Yet even when defending her son, Cersei didn’t go so far as to draw a blade herself. And in Fire & Blood, the book that Dragon adapts, Alicent doesn’t either, but rather stops when Viserys denies her request for Lucerys to lose an eye. On the show, Otto, Alicent’s manipulative father, applauds her combative attitude, but his approval should have the broader effect of making Alicent’s actions more reprehensible to viewers.
At the same time, the show changes Rhaenyra to be more appealing to a modern audience. The other main event in “Driftmark” is her and Daemon’s marriage, which follows a bit of subterfuge to end her decade-long marriage to Laenor. “We could not marry unless Laenor were dead,” Daemon tells her when she broaches the subject. “I know,” she responds—making it seem as if she’s contemplating her husband’s death.
But Rhaenyra does not want to kill Laenor. She wants to set him free—to let him live with his true love, as his true self, across the Narrow Sea, unshackled from the courtly burdens that his marriage requires. So Daemon convinces Qarl Correy, Laenor’s paramour, to stage a public fight with Laenor, then secretly throw a separate corpse into the fire to make it look as if Laenor has perished and been burned beyond recognition. (No wonder Laenor and Qarl practice sword fighting in the yard in Episode 6.) Then, the two lovers can sneak away in darkness and adventure together far from home.
This sequence of events deviates from the book in that the unreliable narrators in the Fire & Blood book all think Qarl did indeed kill Laenor, perhaps at Daemon’s urging, or more likely because he grew jealous when Laenor started making eyes at another man. Rhaenyra isn’t involved at all. And it appears that the deception succeeds, because there’s never any hint in the book that Laenor is actually still alive. The last we hear about either Laenor or Qarl is that “some claimed a ship had been waiting for [Qarl] offshore. He was never seen again.”
Rhaenyra comes across as smart and caring and accepting of her gay husband’s lifestyle, and even though she says the realm might fear her because of her suspected role in Laenor’s purported death, Dragon’s audience will love her for the scheme. And they’ll probably love her for her new husband, too: When Rhaenyra and Daemon hook up on the beach and later conduct a private wedding ceremony—smart thinking, given the violence visited on seemingly every large wedding in this world—the scenes are rendered as sweet and tender, with gentle, romantic music scoring their movements.
Alicent, conversely, hasn’t enjoyed that soft portrayal in either episode since the time jump. Instead, she appears aggressive and vindictive, a clear villain to Rhaenyra’s just-as-clear protagonist. It’s almost as if the showrunners were taking a page out of reality TV’s playbook, and giving their characters a “hero edit” and “villain edit” to influence audience perception.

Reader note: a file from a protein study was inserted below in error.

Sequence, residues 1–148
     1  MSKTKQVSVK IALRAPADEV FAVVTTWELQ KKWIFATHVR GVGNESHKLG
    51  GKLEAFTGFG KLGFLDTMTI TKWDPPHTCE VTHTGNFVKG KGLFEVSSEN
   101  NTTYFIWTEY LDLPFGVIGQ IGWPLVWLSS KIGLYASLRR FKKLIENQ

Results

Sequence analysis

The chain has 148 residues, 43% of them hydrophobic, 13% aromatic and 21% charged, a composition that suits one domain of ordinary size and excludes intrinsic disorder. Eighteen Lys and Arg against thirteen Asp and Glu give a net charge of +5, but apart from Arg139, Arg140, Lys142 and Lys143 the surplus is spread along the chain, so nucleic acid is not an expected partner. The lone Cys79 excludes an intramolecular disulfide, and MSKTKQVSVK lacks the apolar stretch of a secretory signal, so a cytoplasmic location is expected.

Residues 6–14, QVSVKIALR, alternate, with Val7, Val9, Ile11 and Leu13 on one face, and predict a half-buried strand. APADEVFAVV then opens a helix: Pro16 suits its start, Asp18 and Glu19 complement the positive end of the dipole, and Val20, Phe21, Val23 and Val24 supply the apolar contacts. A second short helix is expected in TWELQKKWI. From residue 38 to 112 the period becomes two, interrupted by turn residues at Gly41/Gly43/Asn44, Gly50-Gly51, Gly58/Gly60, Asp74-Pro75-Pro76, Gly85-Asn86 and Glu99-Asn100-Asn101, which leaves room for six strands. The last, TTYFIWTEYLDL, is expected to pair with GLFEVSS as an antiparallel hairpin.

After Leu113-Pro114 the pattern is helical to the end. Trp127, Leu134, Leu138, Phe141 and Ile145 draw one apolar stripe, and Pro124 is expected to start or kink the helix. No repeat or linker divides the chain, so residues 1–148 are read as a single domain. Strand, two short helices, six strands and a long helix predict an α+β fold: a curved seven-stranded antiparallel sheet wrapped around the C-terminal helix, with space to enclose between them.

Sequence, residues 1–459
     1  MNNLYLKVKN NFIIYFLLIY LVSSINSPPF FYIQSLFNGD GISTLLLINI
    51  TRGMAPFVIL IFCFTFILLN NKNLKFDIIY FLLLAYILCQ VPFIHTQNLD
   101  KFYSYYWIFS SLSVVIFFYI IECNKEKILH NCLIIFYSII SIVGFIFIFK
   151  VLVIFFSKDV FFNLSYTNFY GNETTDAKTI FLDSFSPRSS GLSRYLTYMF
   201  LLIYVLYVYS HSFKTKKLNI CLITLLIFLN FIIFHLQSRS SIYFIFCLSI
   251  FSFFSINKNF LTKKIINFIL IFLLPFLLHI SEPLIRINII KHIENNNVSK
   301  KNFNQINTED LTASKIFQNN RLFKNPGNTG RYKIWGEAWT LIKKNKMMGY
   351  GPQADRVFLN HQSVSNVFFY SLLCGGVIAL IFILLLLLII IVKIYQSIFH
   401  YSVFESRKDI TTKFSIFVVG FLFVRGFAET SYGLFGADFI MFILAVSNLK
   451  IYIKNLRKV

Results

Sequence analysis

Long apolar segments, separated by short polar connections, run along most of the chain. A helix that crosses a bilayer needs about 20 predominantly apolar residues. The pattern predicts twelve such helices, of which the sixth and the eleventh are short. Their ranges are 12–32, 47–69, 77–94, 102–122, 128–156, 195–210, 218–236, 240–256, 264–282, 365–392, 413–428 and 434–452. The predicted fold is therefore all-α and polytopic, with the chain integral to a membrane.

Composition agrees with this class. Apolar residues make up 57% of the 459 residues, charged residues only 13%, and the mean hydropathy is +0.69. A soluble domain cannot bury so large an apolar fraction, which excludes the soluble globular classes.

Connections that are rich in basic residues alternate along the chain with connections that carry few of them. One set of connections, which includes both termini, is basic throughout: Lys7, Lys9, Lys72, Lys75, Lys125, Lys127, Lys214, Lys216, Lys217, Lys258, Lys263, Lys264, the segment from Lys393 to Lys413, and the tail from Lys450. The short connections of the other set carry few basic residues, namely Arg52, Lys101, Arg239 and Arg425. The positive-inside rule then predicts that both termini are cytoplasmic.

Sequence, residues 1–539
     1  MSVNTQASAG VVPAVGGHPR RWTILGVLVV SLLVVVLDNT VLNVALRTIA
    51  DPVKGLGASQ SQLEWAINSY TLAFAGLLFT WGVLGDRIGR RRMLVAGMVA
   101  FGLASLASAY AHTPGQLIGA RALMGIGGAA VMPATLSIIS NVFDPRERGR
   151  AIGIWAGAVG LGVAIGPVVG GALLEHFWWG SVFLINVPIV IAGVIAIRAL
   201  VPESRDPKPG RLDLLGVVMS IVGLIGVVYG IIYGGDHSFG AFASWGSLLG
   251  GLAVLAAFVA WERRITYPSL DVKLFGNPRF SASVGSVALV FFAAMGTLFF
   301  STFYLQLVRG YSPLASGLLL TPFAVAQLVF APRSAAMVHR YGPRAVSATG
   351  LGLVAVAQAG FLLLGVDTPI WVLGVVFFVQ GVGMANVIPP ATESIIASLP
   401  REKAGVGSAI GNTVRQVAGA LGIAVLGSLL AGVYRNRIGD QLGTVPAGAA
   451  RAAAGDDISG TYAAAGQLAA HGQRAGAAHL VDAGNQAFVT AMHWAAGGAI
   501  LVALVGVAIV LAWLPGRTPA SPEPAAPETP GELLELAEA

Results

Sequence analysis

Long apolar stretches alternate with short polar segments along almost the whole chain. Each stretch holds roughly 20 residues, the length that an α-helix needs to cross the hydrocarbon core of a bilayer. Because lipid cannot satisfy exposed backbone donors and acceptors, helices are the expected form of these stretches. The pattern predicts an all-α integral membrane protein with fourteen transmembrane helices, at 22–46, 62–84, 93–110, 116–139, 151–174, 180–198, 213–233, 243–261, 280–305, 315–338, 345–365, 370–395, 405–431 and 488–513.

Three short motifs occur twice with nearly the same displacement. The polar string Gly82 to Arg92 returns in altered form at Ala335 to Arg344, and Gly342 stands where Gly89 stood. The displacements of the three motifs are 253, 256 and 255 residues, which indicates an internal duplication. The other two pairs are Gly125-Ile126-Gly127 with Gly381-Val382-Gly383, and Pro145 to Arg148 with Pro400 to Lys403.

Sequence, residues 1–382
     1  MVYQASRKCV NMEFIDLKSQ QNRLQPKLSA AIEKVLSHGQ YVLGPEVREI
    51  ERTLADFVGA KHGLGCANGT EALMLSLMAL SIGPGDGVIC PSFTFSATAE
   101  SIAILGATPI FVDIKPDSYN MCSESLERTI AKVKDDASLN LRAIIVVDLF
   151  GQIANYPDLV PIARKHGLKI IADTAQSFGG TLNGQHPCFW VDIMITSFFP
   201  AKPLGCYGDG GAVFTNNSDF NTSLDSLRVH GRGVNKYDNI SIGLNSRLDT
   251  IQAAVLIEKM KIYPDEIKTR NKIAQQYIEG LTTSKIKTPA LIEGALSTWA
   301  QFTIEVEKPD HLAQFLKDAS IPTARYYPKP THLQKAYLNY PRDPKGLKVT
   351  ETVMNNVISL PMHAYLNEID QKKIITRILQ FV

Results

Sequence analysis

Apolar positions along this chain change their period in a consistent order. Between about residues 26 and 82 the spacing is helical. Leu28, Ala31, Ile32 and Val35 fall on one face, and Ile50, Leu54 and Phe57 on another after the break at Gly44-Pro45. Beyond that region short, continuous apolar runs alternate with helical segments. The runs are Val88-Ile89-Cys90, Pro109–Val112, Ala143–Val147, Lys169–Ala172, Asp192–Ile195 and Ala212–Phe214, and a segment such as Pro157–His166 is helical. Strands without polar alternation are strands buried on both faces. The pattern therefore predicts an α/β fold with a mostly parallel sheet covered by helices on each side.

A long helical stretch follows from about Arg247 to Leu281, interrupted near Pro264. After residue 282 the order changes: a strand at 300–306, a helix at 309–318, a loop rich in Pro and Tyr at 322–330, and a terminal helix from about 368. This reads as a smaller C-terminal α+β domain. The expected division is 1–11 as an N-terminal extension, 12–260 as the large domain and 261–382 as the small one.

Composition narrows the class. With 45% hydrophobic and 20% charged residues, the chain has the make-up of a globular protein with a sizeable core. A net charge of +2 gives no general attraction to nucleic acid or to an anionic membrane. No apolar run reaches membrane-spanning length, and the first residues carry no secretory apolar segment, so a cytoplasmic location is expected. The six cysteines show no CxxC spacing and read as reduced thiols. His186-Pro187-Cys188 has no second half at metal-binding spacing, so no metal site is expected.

This divide has become noticeably starker since the midseason time jump, and it runs counter to how the showrunners pitched Dragon’s moral grays. But it follows traditional television—or, more broadly, storytelling—patterns. Even Thrones fell into this structure for the most part: There are good guys and bad guys, Starks and Lannisters, and audiences root for the former to overcome the latter in an extended conflict.
Even when viewers could appreciate individual Lannister characters, like Tyrion and Jaime, they still hoped the Starks would win the war between the families. The same seems likely to hold true in Dragon, too: Even if a character like Aemond holds appeal amid his arrogance—his “It was a fair exchange. I may have lost an eye, but I gained a dragon” line oozes with charisma—he’s inherently allied with Alicent, Aegon, Criston, and Otto.
Meanwhile, neither Rhaenyra nor her children have done anything notably off-putting yet. (OK, Daemon did kill his first wife, and now another random guy whose corpse is burned as a secret replacement for Laenor. He also seduced his niece. But audiences still love Matt Smith and his roguish character.)
“Now they see you as you are,” Rhaenyra hisses at Alicent moments before the latter stabs the former’s arm. This episode made Rhaenyra look better than she did in the book, and Alicent worse. Now viewers of House of the Dragon see the characters as they are, too—or, at least, as they appear to be before the real battles begin.